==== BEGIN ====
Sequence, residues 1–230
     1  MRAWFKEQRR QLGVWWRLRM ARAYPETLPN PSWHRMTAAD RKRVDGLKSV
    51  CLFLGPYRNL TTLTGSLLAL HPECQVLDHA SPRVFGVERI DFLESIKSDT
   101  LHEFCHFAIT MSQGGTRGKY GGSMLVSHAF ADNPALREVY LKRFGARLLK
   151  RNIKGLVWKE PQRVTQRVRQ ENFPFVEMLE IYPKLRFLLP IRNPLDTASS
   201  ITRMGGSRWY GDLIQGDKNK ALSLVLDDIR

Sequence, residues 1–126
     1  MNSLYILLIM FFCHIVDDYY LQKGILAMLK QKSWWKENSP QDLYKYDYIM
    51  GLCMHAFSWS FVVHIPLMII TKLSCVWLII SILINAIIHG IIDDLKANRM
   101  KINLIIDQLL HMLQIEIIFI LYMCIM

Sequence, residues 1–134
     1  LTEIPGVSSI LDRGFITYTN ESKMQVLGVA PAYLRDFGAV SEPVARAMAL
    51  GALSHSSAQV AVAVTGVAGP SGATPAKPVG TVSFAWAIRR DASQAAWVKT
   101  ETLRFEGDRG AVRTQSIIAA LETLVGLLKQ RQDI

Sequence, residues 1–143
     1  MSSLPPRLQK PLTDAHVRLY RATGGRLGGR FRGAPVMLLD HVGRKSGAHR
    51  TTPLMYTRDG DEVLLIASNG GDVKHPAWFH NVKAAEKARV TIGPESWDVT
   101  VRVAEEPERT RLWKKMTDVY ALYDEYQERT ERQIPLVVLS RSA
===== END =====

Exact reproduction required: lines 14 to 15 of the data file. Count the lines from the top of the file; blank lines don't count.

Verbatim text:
   101  ETLRFEGDRG AVRTQSIIAA LETLVGLLKQ RQDI

Sequence, residues 1–143